BACKGROUND: Actinic keratoses (AKs) are premalignant actinic tumors of the skin. Evaluation of the role of diet in their development is lacking.

OBJECTIVE: The objective was to determine whether intake of certain food groups or dietary patterns retard the occurrence of AKs over a 4.5-y period.

DESIGN: In a community-based study of skin cancer in Queensland, Australia, food intake of 1119 adults was assessed in 1992, 1994, and 1996 by using a validated food-frequency questionnaire. Dermatologists counted prevalent AKs during full-body skin examinations in 1992 and 1996. The relative ratio (RR) of AK counts in 1996 relative to 1992 was compared across increasing intakes of 26 food groups, and for 3 dietary patterns identified by principal components analysis, with the use of generalized linear models with negative binomial distribution, allowing for repeated measures. All analyses were adjusted for confounding factors, including skin color and sun exposure indexes.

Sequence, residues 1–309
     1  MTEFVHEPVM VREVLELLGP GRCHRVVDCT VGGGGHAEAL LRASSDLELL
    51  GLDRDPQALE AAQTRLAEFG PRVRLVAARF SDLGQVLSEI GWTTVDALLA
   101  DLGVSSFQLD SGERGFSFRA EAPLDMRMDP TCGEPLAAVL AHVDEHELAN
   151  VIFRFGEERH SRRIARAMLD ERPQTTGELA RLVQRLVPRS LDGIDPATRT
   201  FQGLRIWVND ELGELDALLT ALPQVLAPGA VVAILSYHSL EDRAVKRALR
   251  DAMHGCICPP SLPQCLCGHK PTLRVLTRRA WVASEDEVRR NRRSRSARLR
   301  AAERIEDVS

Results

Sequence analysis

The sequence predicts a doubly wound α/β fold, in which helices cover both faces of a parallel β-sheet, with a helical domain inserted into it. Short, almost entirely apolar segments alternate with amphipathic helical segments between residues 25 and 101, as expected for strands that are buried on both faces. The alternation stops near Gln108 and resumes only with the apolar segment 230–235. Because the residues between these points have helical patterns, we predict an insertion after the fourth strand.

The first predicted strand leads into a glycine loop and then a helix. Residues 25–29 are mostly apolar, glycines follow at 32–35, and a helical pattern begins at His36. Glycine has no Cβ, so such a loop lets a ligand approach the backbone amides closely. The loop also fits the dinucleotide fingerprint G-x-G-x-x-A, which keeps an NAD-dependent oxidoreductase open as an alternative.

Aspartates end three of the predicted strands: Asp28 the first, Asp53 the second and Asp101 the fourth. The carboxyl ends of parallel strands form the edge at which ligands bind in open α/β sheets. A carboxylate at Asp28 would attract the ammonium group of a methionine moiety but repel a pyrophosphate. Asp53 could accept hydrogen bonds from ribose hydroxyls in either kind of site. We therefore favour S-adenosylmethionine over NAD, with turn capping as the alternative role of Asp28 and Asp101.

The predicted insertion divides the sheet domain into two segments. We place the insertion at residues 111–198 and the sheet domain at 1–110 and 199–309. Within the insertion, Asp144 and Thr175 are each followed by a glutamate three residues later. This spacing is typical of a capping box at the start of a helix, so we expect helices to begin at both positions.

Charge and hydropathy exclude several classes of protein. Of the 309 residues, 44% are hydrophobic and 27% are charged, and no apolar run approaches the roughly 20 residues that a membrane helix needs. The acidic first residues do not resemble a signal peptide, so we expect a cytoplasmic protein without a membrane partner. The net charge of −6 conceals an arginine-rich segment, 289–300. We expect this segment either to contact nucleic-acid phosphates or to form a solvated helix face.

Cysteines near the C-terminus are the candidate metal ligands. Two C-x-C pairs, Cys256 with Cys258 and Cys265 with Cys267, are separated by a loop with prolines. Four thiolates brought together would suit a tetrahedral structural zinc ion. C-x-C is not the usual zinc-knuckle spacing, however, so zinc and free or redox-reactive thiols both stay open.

RESULTS: AK acquisition decreased by 28% (RR: 0.72; 95% CI: 0.55, 0.95) among the highest consumers of oily fish (average of one serving every 5 d) compared with those with minimal intake. Similarly, the rate of acquisition of AKs was reduced by 27% (RR: 0.73; 95% CI: 0.54, 0.99) in those with the highest consumption of wine (average of half a glass a day in this study population). There was no consistent association of dietary pattern with AK acquisition.

CONCLUSION: Moderate intake of oily fish and of wine may decrease the acquisition of AKs and thus complement sun protection measures in the control of actinic skin tumors.